Claim Made That His Speech
Aroused Chinese Anger ,
By Associated Press.
SPOKANE, "Wash., Feb. 10.— "I have
letters and Hongkong papers which
show that the Chinese boycott was
practically settled until William J.
3ryan made a speech before Chinese
merchants at a dinner given by them in
his honor and put the embargo on
tighter than ever," said Samuel Glas
gow, manager of the Centennial mills
of Spokane and Seattle tonight. Let
ters from William Burtt, Chinese rep
resentative of the Cintennl.M company,
and clippings from Hongkong papers
give detailed accounts of a meeting
held by about fifty American comrn/r
cial representatives and delegates 'from
the various Chinese guilds of Canton,
Shanghai and Hongkong. : After rnuth
discussion the delegates agreed unan
imously on twelve proposed modifica
tions of the exclusion 1aw. ;.;.'.-{
"The American representatives
agreed to have their houses urge these
upon congress and the Chinese agreed
immediately to call off the boycott.
Then, according to Hongkong papers.
Mr. Bryan appeared, was entertained
by the Chinese merchants at a' dinner
and. declared In a speech that, the
American people would never consent
to a repeal of the exclusion laws. One
of the Chinese merchants at the dinner
reported the proceedings to tho Chinese
papers. He quoted Mr. Bryan as de
claring that the labor party was -so
strong in the United States that Chi
nese workmen, skilled or unskilled,
would never be permitted to enter, and
as drawing a gloomy picture of what
would happen to the American work
men If the Chinese were allowed to
take away their employment.
"This informant said that while Mr.
Bryan had agreed to support a num
ber of the proposed changes, he had
not been able to draw from the Ameri
can leader any definite assurance of
support of the policy which he would
insist upon as the only condition on
which the boycott would be with
"After Mr. Bryan's speech the
Chinese merchants became convinced
that congress would not adopt the
changes recommended by the Amertcah
merchants and that their best policy
was to put on the boycott screws
lighter than ever."
Lawyer Is Convicted on a Charge of
Uttering -a .Forged
By Associated Press.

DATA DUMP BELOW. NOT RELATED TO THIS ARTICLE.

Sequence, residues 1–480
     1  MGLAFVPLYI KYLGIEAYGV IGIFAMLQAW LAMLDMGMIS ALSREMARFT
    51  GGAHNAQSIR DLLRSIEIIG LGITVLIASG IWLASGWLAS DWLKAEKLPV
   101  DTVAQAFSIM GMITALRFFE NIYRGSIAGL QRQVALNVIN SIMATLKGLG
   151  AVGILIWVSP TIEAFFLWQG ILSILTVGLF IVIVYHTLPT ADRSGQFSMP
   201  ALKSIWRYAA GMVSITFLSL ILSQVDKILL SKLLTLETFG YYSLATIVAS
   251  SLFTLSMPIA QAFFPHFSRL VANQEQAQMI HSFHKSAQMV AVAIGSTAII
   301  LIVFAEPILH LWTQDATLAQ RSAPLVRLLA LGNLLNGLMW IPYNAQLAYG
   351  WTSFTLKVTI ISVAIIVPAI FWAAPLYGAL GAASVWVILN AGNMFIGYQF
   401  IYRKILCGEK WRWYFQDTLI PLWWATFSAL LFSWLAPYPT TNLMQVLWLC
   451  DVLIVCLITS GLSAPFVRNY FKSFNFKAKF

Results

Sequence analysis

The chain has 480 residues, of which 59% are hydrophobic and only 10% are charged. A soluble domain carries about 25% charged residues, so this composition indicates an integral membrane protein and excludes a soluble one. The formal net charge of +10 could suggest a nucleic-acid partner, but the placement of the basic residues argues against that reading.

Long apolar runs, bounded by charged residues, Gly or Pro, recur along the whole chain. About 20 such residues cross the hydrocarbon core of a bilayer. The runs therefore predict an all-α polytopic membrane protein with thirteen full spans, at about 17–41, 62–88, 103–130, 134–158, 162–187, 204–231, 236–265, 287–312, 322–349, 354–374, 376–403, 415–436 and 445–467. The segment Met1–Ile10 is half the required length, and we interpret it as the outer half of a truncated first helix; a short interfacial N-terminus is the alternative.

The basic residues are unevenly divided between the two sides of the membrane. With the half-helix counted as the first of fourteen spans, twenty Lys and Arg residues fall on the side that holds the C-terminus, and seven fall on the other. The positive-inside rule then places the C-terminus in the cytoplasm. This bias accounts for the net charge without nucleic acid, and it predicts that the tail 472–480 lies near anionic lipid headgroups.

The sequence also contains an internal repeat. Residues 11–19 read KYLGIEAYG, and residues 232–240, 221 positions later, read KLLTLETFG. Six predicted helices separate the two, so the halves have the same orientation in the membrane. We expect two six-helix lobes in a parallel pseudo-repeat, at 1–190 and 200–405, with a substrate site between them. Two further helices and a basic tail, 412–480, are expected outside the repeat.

NEW YORK, Feb. 10.— Benjamin E.
Valentine, a weulthy Brooklyn lawyer,
was convicted by a Jury In Mlneola, L.
1., today of uttering a forged deed con
veying property from his wife to his
mother. The property is located in
Cedarhurst, Ti. 1., and In California.
When Valentine's wife died a few
years ago, she bequeathed a life in
terest In her property to his mother
and provided that upon the death of
the mother It should revert to the
children of the testatriK. Two years
after his wife's death, Valentine filed
the forged deed, by which the prop
erty was conveyed to his mother out
right. He was released on ball.
German Societies of the United States
Send Present for Silver
By Associated Press.
NEW YORK, Feb. 10.— The $5000 sti
ver punch bowl, the gift of the Ger
man societies of the United States,
was shipped yesterday for Kurope,
where It will be presented to the Ger
man emperor and empress on the oc
casion of their silver wedding? anni
versary, February 27.
The bowl Is 4 feet 6 Inches high and
Its diameter Is two feet. It Is made
of silver, gold, Ivory, bronze and onyx.
The base, of mahogany, is Inlaid with
forty-six kinds of wood, brought from
the forty-six states and territories.
German societies from Maine to Cali
fornia contributed to the fund.
W. G. H. Wheeler Not a Suicide
By Associated Press.
SAN JOSK. Feb. 10.-W. G. 11.
Wheeler, a prominent business man of
this city, lv alive mvi well, In spite of
the dispatch sent- to Coroner Kell last
night by the Ban Fruncisco coroner
that a man who had committed suicide
in that city yesterday was believed to
be Mr. Wheeler. The Hun Francisco
suicide cannot be Identified .with an;
Jrt'lieeler of this city.. ,
Colorado Man Blows Up Body of Dead
Miner and Collects His
Own Policy
Ny Associated Prees.
VICTOR, Colo., Feb. 9.-3. X Me-
Enchern, whose death wng reported
on February 22, and life Insurance paid,
was arrested at the home of his plater
here lnst night by City Marshal Nay
lor after a fight. In which McEachern
wns wounded by a bullet.
McEachern wns reported have been
killed In the accidental discharge of
glunt powder, but Investigation by
fraternal societies* In which he wan In
sured disclosed that the body of Rob
ert Speed, who wag killed two days
previously In a mine had been un
earthed, taken to the tunnel in which
McEachern was working and blown
to pieces with slant powder. The au
thorities were Informed that Mc-
Eifthern was the victim of the dis
charge anrl an old line life Insurance
company paid a policy on his life.
A deeper Investigation by fraternal
societies resulted in finding McEach
ern alive and his arrest followed last
Tho ghoulish treatment of the body
of Robert Speed greatly Incensed
Speed's friends nnd lynching was
threatened. In order to better protect
McEachern ho has been removed to
the county Jail at Cripple Creek and a
heavy guard placed nround the prison.
Capt. E. J. Mikkelsen Believes There
Is a Big Archipelago, Still Un
explored, Off Siberian
By Associated Press.
WASHINGTON, Feb. 10.— Upon the
theory that there exists In the Arctio
region an enormous archipelago as yet
unexplored, lying between the Perry
Islands and "Wrangel land, off the Si
berian coast, Captain E. J. Mlkkelsen,
commander of the Anglo-American
Polar expedition, will undertake what
Is said to be an entirely novel cam
paign In the history of Arctic expedi
tions.' Although a subject of Denmark,
Captain Mlkkelsen, upon discovering
the new continent, intends to plant
there the American flag and claim It
as a possession of the United States.
He has no intention of trying to reach
the. North Pole, an undertaking which
he believes to be both Impossible and
useless of attainment. Captain Mlkkol